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Keeping her head above water.
Vivienne Binns' Surface Snaps mark a relatively new foray into photography. These are not finished art photographs, nor are they holiday snaps of anywhere recognisable; they are how-ever treasured images of one place, Brisbane Waters, which holds particular meaning for the artist. Yet the location is opaque, the images themselves are about a kind of visual ambiguity, an indeterminacy of seeing and of representing. The 'snaps', enlarged from small prints, are monochromatic and blurred; their surfaces shift and change, altered by the uncertainty of what is being seen. The photographs explore the surfaces of water. Shadows and reflections of boats, trees, seagrass and shallows chase over them, creating perversely beautiful effects: perverse because of the images' refusal to enter the swim of art photography. The 'natural' effects of wind and light on surfaces provide another means for Binns to explore the business of patterning, something which has been an enduring aspect of her practice. In using the camera consciously as an amateur to take snapshots which are blown up to the size of 'professional' prints, she is also addressing ideas which have consistently animated her work over nearly thirty years. Binns delights in teasing out notions of art and decoration , in redrawing the lines between amateur and professional, and in focussing her highly refined skills on apparently naïve or 'natural' subjects.
Vivienne Binns' interest in patterning is obvious in the other works in this exhibition. The small works on paper are derived from tapa designs, painted in acrylics onto patterned Japanese rice paper and pages from old Guardian Weekly newspapers-the airmail kind. As with the larger paintings on canvas, Binns' use of the tapa designs is referential rather than literal. In traditional tapa patterning, which the artist first encountered in Rarotonga, geometric designs are used in a way which maps religious and cultural concerns across the surface of the work. In Binns' paintings the patterns shift and change, tailing off into other things, their metamorphosis suggesting the artist's experience of the Pacific: a blending and clashing of cultures, an opaque sea of hidden histories and deeper meanings.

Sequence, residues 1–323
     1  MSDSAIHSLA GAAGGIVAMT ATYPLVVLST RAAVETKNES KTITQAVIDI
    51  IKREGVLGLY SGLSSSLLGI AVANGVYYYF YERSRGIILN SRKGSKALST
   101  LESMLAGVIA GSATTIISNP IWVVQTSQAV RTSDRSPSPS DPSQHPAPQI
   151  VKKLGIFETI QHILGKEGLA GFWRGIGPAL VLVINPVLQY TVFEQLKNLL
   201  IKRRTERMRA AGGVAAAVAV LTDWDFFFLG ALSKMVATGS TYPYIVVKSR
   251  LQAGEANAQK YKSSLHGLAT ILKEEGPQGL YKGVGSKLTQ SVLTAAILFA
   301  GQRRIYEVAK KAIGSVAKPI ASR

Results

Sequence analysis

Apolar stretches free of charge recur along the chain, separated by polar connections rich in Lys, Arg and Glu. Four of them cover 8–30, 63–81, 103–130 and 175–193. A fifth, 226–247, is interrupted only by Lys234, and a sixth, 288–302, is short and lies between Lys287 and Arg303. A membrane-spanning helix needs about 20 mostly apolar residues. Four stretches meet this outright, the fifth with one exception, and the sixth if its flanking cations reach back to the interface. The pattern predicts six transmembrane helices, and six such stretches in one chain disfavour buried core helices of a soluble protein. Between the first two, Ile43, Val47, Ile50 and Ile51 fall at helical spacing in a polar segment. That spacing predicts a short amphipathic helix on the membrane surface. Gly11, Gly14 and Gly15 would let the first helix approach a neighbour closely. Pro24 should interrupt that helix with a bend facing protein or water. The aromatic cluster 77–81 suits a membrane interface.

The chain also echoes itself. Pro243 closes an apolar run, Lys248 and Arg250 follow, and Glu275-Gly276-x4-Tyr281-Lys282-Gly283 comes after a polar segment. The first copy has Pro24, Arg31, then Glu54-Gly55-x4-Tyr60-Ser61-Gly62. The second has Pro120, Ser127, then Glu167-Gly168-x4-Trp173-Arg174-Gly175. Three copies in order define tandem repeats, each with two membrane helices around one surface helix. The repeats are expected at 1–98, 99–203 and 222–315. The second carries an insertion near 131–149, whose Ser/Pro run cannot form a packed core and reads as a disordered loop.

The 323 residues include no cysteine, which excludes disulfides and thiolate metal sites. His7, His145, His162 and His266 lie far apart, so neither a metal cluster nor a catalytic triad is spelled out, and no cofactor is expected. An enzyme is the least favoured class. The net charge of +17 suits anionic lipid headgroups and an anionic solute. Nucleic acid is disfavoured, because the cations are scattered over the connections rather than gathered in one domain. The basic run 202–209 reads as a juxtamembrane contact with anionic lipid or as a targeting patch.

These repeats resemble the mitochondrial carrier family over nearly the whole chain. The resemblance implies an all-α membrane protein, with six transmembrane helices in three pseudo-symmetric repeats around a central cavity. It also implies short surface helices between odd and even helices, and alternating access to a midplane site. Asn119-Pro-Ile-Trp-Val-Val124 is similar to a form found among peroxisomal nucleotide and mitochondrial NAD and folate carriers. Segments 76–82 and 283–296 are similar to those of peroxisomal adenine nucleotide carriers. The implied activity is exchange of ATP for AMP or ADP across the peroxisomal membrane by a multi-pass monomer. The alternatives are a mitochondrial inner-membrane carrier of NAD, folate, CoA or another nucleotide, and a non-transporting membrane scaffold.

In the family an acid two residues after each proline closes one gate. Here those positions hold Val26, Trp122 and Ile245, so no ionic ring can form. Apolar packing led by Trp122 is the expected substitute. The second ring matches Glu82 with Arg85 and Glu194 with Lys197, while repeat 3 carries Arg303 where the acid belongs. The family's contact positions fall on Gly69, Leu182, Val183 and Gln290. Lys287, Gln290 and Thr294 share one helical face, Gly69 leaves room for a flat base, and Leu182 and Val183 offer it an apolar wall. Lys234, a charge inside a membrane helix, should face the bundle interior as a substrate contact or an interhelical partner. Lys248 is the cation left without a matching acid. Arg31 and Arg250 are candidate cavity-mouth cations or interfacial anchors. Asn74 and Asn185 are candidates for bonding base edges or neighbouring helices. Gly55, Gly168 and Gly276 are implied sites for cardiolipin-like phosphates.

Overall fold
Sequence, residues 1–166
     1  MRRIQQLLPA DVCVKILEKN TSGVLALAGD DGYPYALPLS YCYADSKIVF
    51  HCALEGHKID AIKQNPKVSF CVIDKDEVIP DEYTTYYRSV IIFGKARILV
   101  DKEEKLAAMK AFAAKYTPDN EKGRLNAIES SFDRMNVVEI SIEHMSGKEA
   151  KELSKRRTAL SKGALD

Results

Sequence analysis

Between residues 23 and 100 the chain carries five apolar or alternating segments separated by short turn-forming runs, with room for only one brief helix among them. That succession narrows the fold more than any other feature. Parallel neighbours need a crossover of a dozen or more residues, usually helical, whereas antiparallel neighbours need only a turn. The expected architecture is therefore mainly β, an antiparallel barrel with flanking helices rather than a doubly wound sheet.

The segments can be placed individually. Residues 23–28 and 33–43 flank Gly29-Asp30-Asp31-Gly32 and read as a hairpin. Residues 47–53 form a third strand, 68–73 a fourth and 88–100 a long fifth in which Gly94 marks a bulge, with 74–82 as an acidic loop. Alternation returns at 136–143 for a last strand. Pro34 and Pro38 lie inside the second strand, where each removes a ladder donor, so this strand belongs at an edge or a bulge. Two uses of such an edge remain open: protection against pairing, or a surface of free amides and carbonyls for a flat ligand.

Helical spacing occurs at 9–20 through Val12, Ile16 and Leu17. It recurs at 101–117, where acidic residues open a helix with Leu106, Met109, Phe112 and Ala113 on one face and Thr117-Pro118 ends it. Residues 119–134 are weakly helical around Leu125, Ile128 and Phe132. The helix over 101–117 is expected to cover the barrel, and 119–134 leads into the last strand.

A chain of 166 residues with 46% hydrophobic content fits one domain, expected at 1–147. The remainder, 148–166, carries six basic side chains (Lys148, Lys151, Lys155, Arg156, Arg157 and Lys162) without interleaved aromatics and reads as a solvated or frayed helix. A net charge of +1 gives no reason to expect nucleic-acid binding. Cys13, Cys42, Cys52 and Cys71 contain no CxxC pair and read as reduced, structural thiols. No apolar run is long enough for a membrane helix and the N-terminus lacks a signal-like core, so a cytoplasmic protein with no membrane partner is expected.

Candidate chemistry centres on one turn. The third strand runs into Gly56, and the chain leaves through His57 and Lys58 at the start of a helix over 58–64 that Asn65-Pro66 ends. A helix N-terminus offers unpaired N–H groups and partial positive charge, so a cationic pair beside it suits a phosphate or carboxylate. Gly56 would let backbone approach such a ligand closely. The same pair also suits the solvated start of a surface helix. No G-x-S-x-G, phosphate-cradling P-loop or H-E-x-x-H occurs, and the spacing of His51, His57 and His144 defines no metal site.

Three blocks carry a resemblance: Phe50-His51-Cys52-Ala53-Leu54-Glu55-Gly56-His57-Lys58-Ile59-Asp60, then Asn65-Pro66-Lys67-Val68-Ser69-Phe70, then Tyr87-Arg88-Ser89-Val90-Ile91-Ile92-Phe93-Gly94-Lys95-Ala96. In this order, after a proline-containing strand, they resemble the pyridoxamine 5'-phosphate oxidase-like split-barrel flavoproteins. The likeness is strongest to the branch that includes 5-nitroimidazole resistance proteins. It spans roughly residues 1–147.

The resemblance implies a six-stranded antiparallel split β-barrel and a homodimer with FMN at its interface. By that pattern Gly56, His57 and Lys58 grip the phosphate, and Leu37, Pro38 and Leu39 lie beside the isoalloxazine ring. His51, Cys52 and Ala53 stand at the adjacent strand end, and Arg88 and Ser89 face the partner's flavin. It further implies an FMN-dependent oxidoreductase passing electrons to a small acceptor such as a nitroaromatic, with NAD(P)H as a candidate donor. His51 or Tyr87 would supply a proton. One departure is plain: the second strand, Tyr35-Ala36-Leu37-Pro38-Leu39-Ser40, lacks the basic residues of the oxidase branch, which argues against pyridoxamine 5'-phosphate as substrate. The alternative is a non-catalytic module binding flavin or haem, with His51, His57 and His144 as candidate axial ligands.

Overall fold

Incorporating images of colonial settlement and traces of early Australian modernism in these larger paintings, Binns experiments with the allusive possibilities of patterning. Her appropriation of tapa designs is neither pejorative nor 'merely' decorative-the works remain open-ended and mysterious, throwing up cultural references from the sublime to the banal. In some of the works on paper the newspaper text is clearly readable: fragments of scholarly reviews and obituaries surface underneath the patterns of the Pacific as if demonstrating the obscurity of its colonial history. Binns' personal iconography floats in amongst these traces too-amongst other things the presence of Vag dens and God's beard refer to her own discoveryof the Pacific and its significance in terms of a sense of personal place.
The title painting of this exhibition , Surfacing in the Pacific, is the boldest and bravest of Binns' explorations into the region . In reworking William Hodges' Tahiti Revisited (1776), a grand and luscious painting from Cook's second voyage, the artist celebrates the romantic vision of the eighteenth century but counters its imperialism with the added content of indigenous visual culture. In Binns' version the floor of the painting is an underlay of tapa patterning, receding into the landscape which is like a perfect exercise in one point perspective, its geometric design (incorporating a stylised Vag dens) resembling the tiled floor of a seventeenth century Dutch interior.
The faithfully rendered colours of Hodges' painting are disturbed by the pale tones of the tapa design and an unearthly yellow sky. The artist has inserted Frank Hinder's Bomber Crash (1940s) into the foreground, replacing
Hodges' awkward and unconvincing pagan idol. The effect is curiously appropriate, and calls up the presence of later imperial conflict in the Pacific-Hinder witnessed the crash while serving with the armed forces in New Guinea.
It is Binns' ability to draw such unlikely themes together in these latest endeavours which is their most compelling aspect. She plays exuberantly with history, experience and art in a way which brings to the surface of these works a sense of lively curiosity as well as a celebration of the sensuality of art-making, all art-making. Working within the politics of a postcolonial Pacific, Binns is less concerned with notions of historical truth than she is with the idea that things are tricky, unresolvable and contradictory.